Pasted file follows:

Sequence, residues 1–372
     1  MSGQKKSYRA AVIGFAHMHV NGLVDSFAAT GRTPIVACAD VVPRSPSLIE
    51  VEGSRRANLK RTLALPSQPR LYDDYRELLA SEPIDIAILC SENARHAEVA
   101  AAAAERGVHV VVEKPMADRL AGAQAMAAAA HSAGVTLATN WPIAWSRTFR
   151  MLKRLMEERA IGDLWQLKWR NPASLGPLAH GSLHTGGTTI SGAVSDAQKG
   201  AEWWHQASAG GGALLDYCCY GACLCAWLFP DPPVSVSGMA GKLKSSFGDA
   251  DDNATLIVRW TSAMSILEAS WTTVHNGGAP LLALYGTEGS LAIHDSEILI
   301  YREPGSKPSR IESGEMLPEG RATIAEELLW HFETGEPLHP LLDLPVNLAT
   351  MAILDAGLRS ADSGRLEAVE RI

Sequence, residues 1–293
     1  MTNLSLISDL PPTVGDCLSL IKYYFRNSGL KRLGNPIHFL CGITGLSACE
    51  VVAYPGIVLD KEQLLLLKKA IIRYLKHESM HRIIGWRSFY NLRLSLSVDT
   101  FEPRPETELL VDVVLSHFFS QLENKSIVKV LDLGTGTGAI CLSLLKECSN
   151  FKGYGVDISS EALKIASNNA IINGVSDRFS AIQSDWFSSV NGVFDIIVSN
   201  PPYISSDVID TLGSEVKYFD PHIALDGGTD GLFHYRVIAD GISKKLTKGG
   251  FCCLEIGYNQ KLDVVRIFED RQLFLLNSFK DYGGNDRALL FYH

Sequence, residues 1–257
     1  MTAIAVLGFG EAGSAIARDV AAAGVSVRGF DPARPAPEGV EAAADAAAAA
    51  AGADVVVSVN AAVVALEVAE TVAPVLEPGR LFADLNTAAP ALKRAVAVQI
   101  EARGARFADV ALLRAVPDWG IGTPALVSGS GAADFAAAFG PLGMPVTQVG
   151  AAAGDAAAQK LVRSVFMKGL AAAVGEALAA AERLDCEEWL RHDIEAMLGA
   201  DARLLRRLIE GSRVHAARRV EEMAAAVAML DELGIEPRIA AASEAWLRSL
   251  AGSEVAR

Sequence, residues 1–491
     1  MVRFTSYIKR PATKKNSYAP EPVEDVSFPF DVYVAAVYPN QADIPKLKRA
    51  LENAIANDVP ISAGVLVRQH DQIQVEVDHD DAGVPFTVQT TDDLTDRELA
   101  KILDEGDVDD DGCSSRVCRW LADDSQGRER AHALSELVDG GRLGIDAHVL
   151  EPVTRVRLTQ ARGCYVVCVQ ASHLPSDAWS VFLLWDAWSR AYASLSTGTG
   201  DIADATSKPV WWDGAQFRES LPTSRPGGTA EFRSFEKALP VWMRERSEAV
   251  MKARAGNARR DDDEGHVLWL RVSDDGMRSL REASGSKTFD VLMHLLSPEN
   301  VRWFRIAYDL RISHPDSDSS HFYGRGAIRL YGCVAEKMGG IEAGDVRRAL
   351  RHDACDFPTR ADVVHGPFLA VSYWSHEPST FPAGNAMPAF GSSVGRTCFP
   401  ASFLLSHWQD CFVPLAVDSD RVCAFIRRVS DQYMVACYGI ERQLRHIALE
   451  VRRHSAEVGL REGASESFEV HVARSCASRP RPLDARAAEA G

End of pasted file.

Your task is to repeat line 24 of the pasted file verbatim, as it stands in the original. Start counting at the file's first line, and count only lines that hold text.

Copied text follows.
Sequence, residues 1–491